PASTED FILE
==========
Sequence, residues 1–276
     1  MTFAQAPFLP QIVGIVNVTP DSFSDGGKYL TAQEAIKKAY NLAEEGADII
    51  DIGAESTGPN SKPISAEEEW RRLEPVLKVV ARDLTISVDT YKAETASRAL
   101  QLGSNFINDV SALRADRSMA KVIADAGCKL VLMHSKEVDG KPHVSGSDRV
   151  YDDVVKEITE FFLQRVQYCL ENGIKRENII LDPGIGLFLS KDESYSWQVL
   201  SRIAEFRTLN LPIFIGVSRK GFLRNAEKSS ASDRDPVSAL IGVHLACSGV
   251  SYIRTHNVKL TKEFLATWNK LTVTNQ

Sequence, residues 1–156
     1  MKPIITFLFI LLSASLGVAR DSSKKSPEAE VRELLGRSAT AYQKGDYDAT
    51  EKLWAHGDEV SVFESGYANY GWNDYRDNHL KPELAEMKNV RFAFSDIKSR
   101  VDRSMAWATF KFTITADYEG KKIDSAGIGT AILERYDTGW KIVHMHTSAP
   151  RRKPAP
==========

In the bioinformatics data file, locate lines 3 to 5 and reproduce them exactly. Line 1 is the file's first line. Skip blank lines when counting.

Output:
    51  DIGAESTGPN SKPISAEEEW RRLEPVLKVV ARDLTISVDT YKAETASRAL
   101  QLGSNFINDV SALRADRSMA KVIADAGCKL VLMHSKEVDG KPHVSGSDRV
   151  YDDVVKEITE FFLQRVQYCL ENGIKRENII LDPGIGLFLS KDESYSWQVL